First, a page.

The show definitely puts a lot of time and effort into fixing us firmly in Akira's headspace. She's a former track star who suffered permanent injury from overwork, and now she feels adrift in her everyday life with her former dream lost. Her attraction to Kondo sprouted from him giving her comfort and reassurance when she was at her loneliest. We've also gotten some insights into Kondo's life—mainly that he's pretty regretful about where he ended up, a divorcee in a middle management position who's lost his joie de vivre. So we've got two people in pretty vulnerable positions who are actively (in Akira's case) or inadvertently (for Kondo) reaching out for some emotional peace. It's a pretty melancholy starting point for a...romance? I don't even know if I'd call it a romance?
Yeah, so far it's been more like two people sharing feelings that they don't feel like they can express to anyone else. Which is kind of romantic! But by a different definition, I guess. This isn't like Koi Kaze or other "forbidden relationship" stories where sparks are flying between them that they have to hide for fear of recrimination. It's more like two people who happen to make each other feel more alive through the circumstances under which they met, like the rain of monotony and anxiety over their glum lives lifts only when that person is there and they remember that feeling like everything was going to be okay in that moment. Since she's 17 and lonely, Akira has wrapped this into the form of a crush, but Kondo is already thinking seriously about what this renewed longing for his youth might mean for him on a deeper level.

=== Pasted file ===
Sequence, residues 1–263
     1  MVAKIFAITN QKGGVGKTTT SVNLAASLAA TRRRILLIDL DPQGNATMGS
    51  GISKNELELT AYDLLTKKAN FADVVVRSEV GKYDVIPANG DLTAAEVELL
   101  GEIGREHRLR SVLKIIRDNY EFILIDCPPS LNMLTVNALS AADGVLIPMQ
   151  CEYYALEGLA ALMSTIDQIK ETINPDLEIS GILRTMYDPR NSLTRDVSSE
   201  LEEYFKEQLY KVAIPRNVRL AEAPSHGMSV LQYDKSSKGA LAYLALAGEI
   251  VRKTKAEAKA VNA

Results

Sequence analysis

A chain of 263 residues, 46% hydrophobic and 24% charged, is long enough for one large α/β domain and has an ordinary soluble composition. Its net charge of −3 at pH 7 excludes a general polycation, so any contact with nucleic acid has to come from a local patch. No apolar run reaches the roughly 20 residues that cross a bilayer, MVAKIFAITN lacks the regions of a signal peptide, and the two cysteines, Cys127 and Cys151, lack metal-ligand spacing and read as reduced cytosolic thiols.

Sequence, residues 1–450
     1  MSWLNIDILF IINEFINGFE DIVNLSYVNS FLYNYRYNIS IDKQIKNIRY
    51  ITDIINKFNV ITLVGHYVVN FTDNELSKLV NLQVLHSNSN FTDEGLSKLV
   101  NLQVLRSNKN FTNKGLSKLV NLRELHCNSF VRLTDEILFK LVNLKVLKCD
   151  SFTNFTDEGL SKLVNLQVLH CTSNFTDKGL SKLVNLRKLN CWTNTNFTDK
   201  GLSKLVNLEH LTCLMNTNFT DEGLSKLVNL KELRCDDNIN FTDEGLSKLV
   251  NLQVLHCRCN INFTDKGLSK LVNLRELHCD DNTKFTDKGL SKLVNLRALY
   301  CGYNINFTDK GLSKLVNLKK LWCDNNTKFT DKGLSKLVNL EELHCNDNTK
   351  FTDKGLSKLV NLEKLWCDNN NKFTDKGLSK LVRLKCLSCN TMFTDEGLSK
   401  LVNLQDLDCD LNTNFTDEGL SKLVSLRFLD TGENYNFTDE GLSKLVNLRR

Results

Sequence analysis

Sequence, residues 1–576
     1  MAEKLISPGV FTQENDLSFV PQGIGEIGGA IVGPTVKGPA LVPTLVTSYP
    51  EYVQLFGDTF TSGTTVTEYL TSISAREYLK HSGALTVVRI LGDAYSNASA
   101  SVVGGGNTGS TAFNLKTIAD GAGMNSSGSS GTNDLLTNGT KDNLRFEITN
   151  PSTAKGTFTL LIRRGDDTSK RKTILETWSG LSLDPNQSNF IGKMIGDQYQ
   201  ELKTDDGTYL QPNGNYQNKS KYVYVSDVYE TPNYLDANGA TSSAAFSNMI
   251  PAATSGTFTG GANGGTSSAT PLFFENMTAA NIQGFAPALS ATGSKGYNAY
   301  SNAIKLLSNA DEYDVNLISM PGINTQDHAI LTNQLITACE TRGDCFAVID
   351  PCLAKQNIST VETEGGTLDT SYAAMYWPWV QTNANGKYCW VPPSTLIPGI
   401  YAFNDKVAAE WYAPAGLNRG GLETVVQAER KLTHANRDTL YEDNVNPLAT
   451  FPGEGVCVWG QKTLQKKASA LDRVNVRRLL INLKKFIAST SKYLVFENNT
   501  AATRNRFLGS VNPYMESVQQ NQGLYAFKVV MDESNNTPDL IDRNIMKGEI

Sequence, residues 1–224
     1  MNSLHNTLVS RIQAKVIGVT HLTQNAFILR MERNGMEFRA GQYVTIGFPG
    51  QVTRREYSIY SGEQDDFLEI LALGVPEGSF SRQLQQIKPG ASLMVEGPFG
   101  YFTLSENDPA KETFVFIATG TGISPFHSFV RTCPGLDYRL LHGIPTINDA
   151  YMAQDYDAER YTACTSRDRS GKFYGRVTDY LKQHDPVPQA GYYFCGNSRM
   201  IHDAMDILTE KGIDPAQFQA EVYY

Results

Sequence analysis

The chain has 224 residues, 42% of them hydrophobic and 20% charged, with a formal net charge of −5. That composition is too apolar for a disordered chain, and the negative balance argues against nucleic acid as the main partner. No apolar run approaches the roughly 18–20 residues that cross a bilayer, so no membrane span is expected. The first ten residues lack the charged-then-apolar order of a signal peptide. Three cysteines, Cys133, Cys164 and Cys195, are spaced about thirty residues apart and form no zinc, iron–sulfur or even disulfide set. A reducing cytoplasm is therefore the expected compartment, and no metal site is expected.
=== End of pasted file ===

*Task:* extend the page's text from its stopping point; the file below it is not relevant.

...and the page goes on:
It turns out heartwarming because none of this is communicated with angsty monologues or melodramatic twists. The characterization comes through in the changing environment, so you're thinking more about what the weather or sound design says about Akira's nuanced emotions than "THEY GONNA FUCK?"
It's certainly an interesting dynamic to chew on, but if I'm being honest I kind of like the parts of the show that aren't Akira and Kondo being together more. Part of this is because I'm ridiculously picky with fictional romance, but I often find both characters more engaging to follow when they're not being contemplative together.
Akira's awful blackmail "date" with this douchebag was maybe my favorite part of the show so far.
The guy's a complete heel, so it was engaging to see Akira rebuff him. Girl's got a look that could kill livestock.
It's definitely a "just because you're correct doesn't mean you're right" situation, to quote an entirely different anime.
"Just because you're right doesn't mean you aren't 10 pounds of shit in a 5-pound bag."
Akira's no dummy, and just being aware that she's falling into this forbidden romance to avoid feelings of grief and separation from her peers isn't going to solve her problem. Feelings of infatuation don't just go away with logic. You have to work through them, and fortunately for her, Kondo seems good at heart enough to help her process those feelings of loss without taking advantage of her. And maybe she'll help him work through his own stuff along the way.
Meanwhile, my favorite moments with Kondo are just him being a Very Divorced Dad.
For all the inner monologues and evocative environmental animation, the one thing that got me to feel for him more than anything was just this image.
I fucking died at that moment. His dad instincts, honed to a solid point after years of parenting a rambunctious little boy, kick in so completely after Akira passes out in his house and then gets a bunch of tea spilled on her, that he doesn't even stop to wonder why the hell she was in his house until he's halfway down the street at the laundromat. This story isn't going to work for everyone given its premise, but it's certainly doing its best to convey feelings of empathy and growth through its ojisan fetish.
It's definitely working overtime to be as sensitive with the subject as it can, but speaking personally I kind of wish it could get more problematic. These first five episodes have been excellently produced character pieces, but I find myself wanting Akira to cross a line or for something to stir up their dynamic. I don't need soap opera stuff, but another shoe dropping would do a lot to keep my attention.